|By: David Dayen|
House Democratic Leader Nancy Pelosi went sharply after oil speculation late yesterday, taking up a strategy to answer Republicans on rising gas prices that has not been employed much in the political sphere. Take a look at Pelosi’s press release yesterday on the subject:
Independent reports confirm that speculators are driving up the cost of oil, hurting consumers and potentially damaging the economic recovery. Wall Street profiteering, not oil shortages, is the cause of the price spike. In fact, U.S. oil production is at its highest level since 2003, and millions of acres have been cleared for additional development.
We need to take strong action to protect consumers from this speculation. Unfortunately, Republicans have chosen to protect the interests of Wall Street speculators and oil companies instead of the interests of working Americans by obstructing the agencies with the responsibility of enforcing consumer protection laws. They have also repeatedly opposed our efforts to end billions of dollars in outdated taxpayer subsidies for oil companies enjoying record profits.
We support efforts by the Obama Administration to expand domestic energy resources, including natural gas and renewable sources like wind and solar that create jobs in America and will end our dangerous dependence on foreign energy supplies. This can be achieved because today, the United States currently has more oil and gas rigs at work than the rest of the world combined, and imports of foreign oil have decreased.
We call on the Republican leadership to act on behalf of American consumers and join our efforts to crack down on speculators who care more about their profits than the price at the pump even if these spikes harm the American consumer and our economy.
Gas prices have gone up about a quarter in Los Angeles in the last week. This will be the next terrain on which our politics are waged. And the facts are that domestic oil drilling has never been higher, and demand for gas in the US is at a 14-year low. So only global demand, geopolitical worries or speculation can be driving this. Global demand is certainly possible, though the entire European continent is in a recession and China is seeing slower growth, along with the low US demand. And the geopolitical situation definitely drives up prices at the moment, particularly because of Iran and the threat of a military strike, along with the oil embargo (something on which the major parties don’t really disagree).
But speculation is definitely a factor, as this McClatchy article shows.
While tension over Iran has ratcheted up over the last few months, the price of oil and gasoline has leaped far beyond conventional supply and demand variables. Financial speculators are piling into the market, torquing the Iranian fear factor into ever-higher prices.
“Speculation is now part of the DNA of oil prices. You cannot separate the two anymore. There is no demarcation,” said Fadel Gheit, a 30-year veteran of energy markets and an analyst at Oppenheimer & Co. “I still remain convinced oil prices are inflated.”
Consider that light, sweet crude trading on the NYMEX changed hands at $79.20 a barrel just four months ago, but soared past $106 a barrel Tuesday afternoon, partly on news that Iran would halt shipment of oil to Britain and France. But those countries already had stopped buying Iranian oil. And Didier Houssin, the International Energy Agency’s director for energy markets and security, said that “there are alternative supplies that can make up for any loss of Iranian exports,” The Wall Street Journal reported [...]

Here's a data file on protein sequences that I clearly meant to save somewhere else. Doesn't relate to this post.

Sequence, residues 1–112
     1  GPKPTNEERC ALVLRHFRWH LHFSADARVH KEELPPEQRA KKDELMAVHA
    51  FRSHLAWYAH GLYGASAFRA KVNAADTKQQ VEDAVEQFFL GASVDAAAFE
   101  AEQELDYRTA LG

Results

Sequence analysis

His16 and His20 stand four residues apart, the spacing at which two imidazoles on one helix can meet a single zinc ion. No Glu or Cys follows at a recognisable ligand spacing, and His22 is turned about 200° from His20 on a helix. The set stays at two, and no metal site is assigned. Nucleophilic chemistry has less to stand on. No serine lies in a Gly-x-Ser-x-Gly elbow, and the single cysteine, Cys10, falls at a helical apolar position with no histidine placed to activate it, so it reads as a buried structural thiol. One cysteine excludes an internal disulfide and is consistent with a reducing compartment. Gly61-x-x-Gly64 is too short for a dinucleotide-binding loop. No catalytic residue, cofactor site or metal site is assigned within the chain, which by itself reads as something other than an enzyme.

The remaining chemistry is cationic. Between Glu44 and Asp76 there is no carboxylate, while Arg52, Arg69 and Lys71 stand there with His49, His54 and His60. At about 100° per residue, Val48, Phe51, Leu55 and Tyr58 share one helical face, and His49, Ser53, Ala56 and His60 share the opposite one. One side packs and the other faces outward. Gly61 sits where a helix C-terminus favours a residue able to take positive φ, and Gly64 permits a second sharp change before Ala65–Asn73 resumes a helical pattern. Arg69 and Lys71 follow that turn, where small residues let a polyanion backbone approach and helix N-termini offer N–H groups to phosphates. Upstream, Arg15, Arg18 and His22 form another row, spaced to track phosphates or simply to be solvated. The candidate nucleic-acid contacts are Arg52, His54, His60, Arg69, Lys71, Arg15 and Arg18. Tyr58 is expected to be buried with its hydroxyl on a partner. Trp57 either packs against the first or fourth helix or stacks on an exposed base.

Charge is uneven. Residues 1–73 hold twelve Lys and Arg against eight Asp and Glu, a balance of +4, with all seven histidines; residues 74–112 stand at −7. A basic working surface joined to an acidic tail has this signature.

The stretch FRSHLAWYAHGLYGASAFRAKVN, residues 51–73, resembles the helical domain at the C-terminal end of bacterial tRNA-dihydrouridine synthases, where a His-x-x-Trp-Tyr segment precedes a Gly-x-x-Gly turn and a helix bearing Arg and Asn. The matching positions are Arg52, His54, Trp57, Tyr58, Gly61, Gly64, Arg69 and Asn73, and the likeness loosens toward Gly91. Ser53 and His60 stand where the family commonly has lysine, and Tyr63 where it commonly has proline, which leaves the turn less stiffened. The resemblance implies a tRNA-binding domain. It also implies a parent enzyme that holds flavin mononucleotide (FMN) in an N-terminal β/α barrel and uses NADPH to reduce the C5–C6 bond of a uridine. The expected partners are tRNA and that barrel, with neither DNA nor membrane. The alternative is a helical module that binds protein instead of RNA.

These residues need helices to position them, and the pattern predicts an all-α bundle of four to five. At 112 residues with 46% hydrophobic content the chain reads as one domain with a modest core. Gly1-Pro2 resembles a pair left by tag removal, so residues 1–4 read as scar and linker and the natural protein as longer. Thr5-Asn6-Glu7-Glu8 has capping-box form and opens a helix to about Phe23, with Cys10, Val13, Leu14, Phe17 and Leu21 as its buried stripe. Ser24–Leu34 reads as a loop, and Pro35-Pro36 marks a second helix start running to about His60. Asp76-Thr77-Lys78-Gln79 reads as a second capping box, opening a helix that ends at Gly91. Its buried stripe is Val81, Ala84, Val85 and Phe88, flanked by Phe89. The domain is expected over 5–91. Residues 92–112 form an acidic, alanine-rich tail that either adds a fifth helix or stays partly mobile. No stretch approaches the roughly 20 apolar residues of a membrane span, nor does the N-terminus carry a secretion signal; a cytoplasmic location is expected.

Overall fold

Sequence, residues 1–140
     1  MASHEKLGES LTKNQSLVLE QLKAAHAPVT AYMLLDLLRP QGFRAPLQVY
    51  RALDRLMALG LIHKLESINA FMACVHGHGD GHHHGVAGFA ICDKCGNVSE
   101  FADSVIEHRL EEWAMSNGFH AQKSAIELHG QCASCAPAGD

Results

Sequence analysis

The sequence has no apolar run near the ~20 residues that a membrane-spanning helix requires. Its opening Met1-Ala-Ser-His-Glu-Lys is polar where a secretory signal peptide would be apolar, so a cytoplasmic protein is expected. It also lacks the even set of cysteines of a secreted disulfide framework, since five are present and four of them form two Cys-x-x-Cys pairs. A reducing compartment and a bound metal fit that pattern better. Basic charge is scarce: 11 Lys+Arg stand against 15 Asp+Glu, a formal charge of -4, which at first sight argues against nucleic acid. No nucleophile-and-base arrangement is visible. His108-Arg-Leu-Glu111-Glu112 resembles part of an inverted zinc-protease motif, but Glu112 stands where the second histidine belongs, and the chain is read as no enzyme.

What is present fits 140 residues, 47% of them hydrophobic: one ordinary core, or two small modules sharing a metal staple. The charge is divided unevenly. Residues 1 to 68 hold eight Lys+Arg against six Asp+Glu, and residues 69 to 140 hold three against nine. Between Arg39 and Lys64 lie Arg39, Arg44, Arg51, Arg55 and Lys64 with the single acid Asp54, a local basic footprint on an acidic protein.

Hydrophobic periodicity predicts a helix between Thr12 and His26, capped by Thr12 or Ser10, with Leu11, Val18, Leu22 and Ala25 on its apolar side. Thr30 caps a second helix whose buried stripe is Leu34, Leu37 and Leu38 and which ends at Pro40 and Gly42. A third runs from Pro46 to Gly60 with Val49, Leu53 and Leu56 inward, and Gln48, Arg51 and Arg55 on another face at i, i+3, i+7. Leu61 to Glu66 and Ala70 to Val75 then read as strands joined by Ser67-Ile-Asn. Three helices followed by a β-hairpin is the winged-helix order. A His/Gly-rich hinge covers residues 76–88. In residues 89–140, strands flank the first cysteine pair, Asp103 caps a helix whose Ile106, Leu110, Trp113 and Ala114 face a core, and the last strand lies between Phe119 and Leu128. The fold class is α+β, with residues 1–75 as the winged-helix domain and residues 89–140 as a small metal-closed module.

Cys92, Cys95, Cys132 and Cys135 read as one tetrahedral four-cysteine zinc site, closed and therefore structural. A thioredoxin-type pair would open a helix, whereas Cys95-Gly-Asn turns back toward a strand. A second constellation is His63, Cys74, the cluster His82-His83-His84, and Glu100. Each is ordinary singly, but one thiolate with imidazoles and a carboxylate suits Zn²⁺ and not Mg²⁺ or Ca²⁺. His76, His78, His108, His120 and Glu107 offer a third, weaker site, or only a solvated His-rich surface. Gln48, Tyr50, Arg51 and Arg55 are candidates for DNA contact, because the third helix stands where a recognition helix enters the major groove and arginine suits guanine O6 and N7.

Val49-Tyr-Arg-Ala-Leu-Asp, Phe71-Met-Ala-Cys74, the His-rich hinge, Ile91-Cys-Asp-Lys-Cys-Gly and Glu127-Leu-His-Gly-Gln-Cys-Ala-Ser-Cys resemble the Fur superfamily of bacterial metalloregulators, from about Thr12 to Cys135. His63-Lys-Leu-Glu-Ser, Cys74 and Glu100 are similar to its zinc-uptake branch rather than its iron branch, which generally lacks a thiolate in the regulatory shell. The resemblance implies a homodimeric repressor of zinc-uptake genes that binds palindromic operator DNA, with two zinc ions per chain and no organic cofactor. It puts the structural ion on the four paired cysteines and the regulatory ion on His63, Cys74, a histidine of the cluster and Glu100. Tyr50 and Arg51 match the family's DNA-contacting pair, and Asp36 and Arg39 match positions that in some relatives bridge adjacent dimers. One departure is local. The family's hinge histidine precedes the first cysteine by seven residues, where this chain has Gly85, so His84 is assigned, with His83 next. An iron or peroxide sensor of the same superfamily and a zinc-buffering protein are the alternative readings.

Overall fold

A McClatchy review of the latest Commitment of Traders report from the Commodity Futures Trading Commission, which regulates oil trading, shows that producers and merchants made up just 36 percent of all contracts traded in the week ending Feb. 14.
That same week, open interest, or the total outstanding oil contracts for next-month delivery of 1,000 barrels of oil (about 42,000 gallons), stood near an all-time high above 1.486 million. Speculators who’ll never take delivery of oil made up 64 percent of the market.
The analysts in the piece say oil should be trading around $75 a barrel, not $106. This is pretty serious, because high gas prices have proven time and again to slow the US economy, as we don’t have a flexible enough transportation infrastructure to absorb them. The energy analysts are all saying the same thing – Wall Street speculators must share the blame for this.
But if Pelosi really wants to fight this out, she has to do what the lonely few on the Democratic side – mostly Maria Cantwell and Bernie Sanders – have been doing. She has to demand that the CFTC set position limits on speculators. Their commodity speculation rule from October was comically weak, and that had clear consequences. Maybe you can hit Republicans for cutting the CFTC budget, but ultimately it’s an executive agency that can crack down on oil speculators.
That said, I really hope this speculation idea reaches the national consciousness for once. This has been going on for years. Matt Taibbi wrote about it brilliantly in 2008, when the speculation was just as bad if not worse. There’s a place for speculation and hedging but not the majority of the market. This desperately needs to be explained to the public, and having Nancy Pelosi take a role will go a long way to actually getting some information out.